Not a week goes by without a Court making an Order restricting the reporting of a criminal case – which is why the Supreme Court’s recent reaffirmation of the crucial importance of open justice is to be welcomed.
In a case involving an aluminium company and a support group for victims of mesothelioma, the Supreme Court Justices stated in clear terms that there are two fundamental principles which underlie open justice.
First, to enable public scrutiny of the way in which courts decided cases, to hold judges to account for their decisions, and to enable the public to have confidence that they are doing their jobs properly; and second, to enable the public to understand how the justice system works and why decisions are taken, which can only be achieved if the public is able to understand both the issues and the evidence adduced in support of the parties’ cases.
But it is also worth noting that the Court stressed that the open justice principle has its limits.
The case itself (called Cape Intermediate Holdings v Dring) concerned an application by the support group for disclosure of documents which the company possessed from a previous case in which it was involved. They believed that the documents would contain information about the dangers associated with asbestos.
In the lead judgment, Lady Hale said: ‘The default position should be to grant access to documents placed before a judge and referred to by a party at trial unless there was a good reason not to do so. It should not be limited by what the judge has chosen to read.’
But having made this strong statement of principle, she went on to say that just because a Court has inherent jurisdiction to allow access to filed documents, the public (and thus the media) do not have an enshrined right to these documents.
Therefore, when applying to gain access to these documents, the individual must explain and give justified reasons as to why allowing disclosure would advance the open justice principle.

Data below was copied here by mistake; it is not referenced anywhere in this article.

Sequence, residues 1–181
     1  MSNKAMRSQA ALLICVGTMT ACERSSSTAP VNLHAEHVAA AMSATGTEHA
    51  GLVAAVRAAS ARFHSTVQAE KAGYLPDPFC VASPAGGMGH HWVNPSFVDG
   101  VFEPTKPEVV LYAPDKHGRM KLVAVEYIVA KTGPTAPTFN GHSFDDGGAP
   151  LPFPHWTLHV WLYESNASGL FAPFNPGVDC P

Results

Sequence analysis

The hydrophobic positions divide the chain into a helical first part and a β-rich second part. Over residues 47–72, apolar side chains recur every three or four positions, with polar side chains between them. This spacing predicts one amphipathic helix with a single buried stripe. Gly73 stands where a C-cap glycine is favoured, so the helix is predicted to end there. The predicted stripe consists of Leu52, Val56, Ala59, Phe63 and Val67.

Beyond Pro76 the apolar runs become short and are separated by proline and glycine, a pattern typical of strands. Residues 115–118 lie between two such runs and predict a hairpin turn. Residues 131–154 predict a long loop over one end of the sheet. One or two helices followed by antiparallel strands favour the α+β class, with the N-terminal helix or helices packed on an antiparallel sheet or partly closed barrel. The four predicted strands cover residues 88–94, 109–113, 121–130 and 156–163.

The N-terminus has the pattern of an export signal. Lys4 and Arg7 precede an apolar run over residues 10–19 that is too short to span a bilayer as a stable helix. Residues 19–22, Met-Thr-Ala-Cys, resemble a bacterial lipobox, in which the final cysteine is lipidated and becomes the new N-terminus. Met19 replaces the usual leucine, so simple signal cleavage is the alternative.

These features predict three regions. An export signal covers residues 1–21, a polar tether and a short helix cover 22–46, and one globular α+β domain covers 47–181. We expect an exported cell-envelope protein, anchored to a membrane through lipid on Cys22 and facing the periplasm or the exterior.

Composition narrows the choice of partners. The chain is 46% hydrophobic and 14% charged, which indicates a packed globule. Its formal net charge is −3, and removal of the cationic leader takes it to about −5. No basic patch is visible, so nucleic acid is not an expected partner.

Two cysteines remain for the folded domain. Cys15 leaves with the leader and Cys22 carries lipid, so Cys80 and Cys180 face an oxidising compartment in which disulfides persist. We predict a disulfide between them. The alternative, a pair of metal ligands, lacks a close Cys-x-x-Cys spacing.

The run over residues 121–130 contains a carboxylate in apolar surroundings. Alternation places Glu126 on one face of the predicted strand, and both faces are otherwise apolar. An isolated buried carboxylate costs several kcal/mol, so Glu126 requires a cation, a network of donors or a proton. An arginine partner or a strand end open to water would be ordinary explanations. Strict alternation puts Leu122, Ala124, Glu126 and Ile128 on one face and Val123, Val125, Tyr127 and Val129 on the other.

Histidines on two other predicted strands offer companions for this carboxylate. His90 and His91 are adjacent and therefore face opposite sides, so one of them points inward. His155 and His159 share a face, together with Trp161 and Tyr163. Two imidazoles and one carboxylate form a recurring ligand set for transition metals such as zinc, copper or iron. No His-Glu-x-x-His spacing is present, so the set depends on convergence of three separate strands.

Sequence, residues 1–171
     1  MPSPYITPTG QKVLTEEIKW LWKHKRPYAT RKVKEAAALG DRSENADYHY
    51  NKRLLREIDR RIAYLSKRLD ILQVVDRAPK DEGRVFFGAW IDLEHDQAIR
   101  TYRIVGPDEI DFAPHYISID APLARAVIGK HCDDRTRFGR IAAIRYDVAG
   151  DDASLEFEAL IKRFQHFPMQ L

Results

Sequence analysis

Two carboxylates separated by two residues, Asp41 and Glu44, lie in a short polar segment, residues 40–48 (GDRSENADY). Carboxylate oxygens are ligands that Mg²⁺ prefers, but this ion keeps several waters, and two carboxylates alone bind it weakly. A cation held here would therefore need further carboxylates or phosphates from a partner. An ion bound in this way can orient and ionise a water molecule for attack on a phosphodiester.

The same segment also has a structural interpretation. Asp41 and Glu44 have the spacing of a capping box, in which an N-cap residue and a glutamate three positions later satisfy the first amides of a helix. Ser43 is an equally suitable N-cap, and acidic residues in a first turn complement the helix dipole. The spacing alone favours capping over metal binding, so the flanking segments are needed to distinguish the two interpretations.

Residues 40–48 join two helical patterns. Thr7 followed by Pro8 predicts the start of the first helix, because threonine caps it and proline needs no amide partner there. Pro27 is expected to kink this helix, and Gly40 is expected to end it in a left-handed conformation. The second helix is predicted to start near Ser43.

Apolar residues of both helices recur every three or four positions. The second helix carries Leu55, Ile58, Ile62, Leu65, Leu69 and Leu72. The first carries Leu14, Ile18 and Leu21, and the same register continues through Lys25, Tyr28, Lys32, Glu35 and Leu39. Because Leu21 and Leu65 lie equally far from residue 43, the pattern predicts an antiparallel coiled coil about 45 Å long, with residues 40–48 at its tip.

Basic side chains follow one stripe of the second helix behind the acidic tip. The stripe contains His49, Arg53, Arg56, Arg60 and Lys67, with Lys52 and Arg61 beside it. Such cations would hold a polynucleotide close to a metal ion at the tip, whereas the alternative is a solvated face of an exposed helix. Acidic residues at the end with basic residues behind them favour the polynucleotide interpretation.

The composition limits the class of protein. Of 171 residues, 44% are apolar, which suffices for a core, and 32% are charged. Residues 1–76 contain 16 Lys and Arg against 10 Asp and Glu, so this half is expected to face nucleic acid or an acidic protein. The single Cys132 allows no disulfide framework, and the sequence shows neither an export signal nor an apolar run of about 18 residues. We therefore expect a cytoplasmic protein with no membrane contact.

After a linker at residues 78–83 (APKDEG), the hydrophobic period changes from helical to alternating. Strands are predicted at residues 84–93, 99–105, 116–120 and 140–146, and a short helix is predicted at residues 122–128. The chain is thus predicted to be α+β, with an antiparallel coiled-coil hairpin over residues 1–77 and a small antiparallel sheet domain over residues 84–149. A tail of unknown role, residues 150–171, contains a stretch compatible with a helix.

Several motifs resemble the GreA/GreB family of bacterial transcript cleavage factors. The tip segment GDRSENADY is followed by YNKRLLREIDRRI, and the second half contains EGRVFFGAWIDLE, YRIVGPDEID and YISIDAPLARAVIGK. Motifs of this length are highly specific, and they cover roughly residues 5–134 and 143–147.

In the context of open justice more generally, Lady Hale made this important statement: “The constitutional principle of open justice applies to all courts and tribunals exercising the judicial power of the state. It follows that, unless inconsistent with statute or the rules of court, all courts and tribunals have an inherent jurisdiction to determine what that principle requires in terms of access to documents or other information placed before the court or tribunal in question”.
And even more interestingly, she said that Judges have the inherent power to overrule anything that the court rules may provide: “The extent of any access permitted by the court’s rules is not determinative (save to the extent that they may contain a valid prohibition). It is not correct to talk in terms of limits to the court’s jurisdiction when what is in fact in question is how that jurisdiction should be exercised in the particular case.”
This is strong stuff – but what does this mean for the working journalist in practice? After all we have all heard horror stories of journalists being excluded from courts of all kinds, quite often by ushers, security guards, or clerks.
Well, at this practical level, the answer must be to hold firm and demand (well, request politely) that the matter be put before the judge and that you have the opportunity to explain why the principle of open justice means you should access to the Court. Being able to quote from Lady Hale’s judgment in Cape will be a big help.
Happy court reporting!